Doxorubicin and etoposide are both broad chemotherapeutics that disrupt cell division. They have both been in use for decades and are given as a treatment for several types of cancer, among which breast cancer, leukemia and lung cancer. Worldwide hundreds of thousands of patients have benefited from these drugs. But in some patients their effect is insufficient, or they don't work at all. Therefore, cancer researchers are trying to unravel what can make cancer cells insensitive to these drugs. This is an important step towards 'personalized medicine', in which patients only receive drugs that work against their specific tumor, and don't receive drugs that are ineffective for them but do have (serious) side effects.
One resistance mechanism against doxorubicin and etoposide is already known (the 'drug pump' MDR1). But often this isn't the explanation for observed insensitivity against the drugs. So there must be other resistance mechanisms. Prof. dr. Sjaak Neefjes of the NKI and his team have now found three new, independent resistance mechanisms. His work was published 'Online First' in the journal Cancer Research on August 10. The first authors of the study are PhD-student Ruud Wijdeven and postdoc Baoxu Pang.
Doxorubicin and etoposide disrupt cell division by generating DNA double strand breaks during the division process. Due to these breaks, cells can't function properly, causing them to die. Cancer cells are more sensitive for this disruption mechanism than normal cells because of their unusually high division rate. The three newly discovered resistance mechanisms all revolve around proteins or protein complexes that relate to DNA double strand break processes. If the protein Keap1 or the protein complex SWI/SNF don't function properly, there will be less DNA breaks, causing the cancer cells to survive. And if the protein C9orf82 doesn't function, the cancer cells are better able to repair the breaks. In these ways, cancer cells can evade the effect of doxorubicin and etoposide. Neefjes and his team discovered these new resistance mechanisms using several types of tissue, among which a large databank of breast tumor tissue.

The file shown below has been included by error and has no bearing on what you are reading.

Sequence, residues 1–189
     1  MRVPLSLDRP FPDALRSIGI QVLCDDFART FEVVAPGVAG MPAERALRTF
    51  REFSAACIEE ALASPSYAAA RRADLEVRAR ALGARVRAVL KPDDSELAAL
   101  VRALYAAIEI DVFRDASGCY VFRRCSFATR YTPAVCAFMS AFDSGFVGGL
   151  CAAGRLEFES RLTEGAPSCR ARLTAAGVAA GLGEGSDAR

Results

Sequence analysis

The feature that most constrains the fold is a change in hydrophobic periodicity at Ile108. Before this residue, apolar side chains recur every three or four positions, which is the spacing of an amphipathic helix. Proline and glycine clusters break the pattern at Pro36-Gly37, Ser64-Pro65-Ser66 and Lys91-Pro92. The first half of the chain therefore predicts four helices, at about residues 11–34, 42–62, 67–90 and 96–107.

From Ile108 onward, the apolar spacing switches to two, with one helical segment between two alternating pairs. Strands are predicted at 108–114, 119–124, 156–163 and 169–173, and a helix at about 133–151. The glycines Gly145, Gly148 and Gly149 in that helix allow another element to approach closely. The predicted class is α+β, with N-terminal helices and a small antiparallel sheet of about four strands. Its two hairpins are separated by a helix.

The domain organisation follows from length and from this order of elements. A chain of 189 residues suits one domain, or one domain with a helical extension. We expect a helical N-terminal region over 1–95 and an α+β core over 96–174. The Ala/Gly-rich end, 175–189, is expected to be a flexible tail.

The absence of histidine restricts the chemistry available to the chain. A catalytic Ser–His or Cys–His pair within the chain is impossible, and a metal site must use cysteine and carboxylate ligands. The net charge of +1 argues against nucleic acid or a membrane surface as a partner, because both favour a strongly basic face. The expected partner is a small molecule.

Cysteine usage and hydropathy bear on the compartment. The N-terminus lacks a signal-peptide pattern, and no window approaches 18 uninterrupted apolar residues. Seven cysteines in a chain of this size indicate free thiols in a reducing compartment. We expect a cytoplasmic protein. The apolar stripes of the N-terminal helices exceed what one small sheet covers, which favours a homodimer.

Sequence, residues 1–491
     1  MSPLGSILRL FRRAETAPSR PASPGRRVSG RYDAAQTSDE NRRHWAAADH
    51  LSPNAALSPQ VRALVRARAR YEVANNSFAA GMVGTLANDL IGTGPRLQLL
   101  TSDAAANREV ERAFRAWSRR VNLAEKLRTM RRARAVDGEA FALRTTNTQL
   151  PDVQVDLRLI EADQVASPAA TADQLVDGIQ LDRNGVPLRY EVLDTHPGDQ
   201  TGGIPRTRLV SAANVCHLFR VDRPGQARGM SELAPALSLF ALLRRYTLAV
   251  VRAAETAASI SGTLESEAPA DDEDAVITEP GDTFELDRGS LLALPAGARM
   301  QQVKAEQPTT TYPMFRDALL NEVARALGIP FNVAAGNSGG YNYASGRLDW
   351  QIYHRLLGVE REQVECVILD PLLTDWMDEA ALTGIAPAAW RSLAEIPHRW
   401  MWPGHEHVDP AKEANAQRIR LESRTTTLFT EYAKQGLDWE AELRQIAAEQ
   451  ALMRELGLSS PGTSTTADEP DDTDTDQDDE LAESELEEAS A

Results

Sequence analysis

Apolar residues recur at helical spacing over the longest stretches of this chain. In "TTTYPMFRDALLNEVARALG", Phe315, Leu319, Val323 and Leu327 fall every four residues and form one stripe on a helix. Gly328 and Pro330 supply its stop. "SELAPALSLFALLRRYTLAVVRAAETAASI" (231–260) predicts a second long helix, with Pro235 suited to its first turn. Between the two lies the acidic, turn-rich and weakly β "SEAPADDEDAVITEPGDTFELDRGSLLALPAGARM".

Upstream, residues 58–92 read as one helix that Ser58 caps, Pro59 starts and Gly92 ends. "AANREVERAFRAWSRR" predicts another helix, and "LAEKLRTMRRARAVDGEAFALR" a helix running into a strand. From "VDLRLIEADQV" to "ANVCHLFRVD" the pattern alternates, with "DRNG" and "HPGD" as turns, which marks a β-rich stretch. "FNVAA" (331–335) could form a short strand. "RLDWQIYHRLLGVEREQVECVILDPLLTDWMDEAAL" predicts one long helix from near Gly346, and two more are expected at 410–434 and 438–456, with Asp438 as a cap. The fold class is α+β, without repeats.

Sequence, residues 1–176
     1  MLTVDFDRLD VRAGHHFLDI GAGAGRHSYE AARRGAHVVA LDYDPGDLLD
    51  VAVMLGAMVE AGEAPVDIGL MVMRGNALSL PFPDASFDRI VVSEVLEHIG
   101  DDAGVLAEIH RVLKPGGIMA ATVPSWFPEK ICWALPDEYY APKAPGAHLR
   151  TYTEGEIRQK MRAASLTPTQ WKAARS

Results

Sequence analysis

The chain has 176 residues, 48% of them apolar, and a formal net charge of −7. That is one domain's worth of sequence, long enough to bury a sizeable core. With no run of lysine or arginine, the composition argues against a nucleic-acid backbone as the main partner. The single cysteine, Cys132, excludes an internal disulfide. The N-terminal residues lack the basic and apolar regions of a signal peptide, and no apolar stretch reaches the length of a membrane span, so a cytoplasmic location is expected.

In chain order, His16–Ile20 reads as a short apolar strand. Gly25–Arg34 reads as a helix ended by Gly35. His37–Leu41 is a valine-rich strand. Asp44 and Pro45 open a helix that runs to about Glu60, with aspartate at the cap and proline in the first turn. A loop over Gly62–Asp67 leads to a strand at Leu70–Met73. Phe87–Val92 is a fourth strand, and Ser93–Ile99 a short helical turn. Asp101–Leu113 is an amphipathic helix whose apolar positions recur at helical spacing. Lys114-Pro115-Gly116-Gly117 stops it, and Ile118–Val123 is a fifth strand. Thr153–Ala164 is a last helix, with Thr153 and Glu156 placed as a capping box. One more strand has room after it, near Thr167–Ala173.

Neefjes: "What makes this discovery very relevant, is that we know mutations in these three proteins are quite common in cancer patients." It is known that, for instance, 12 to 15 percent of the lung cancer patients harbor mutations in their tumors that disable the protein Keap1. And the protein complex SWI/SNF is dysfunctional in as much as twenty percent of all human tumors. This means that this discovery might help to better predict which drugs will be beneficial for quite a large number of patients. Neefjes: "If you know in advance that a patient has a mutation in one of these proteins, you know that it is very likely that treatment with doxorubicin or etoposide won't work. So in these instances you may want to give another type of drug. And as we have shown in our laboratory, such alternatives exist."
Cancer patients will not benefit immediately from this new discovery. Neefjes' study was performed retrospectively, with tumor tissue of patients whose treatment outcome was known. To be sure that the discovered mutations also have predictive value, a so-called prospective study is required. First, it is necessary to determine what the best alternative treatments are for patients with (possible) resistance against doxorubicin and etoposide. Next, it needs to be determined whether treatment with these alternative drugs based on the presence of the mutations does indeed lead to better treatment outcomes compared to the standard treatment.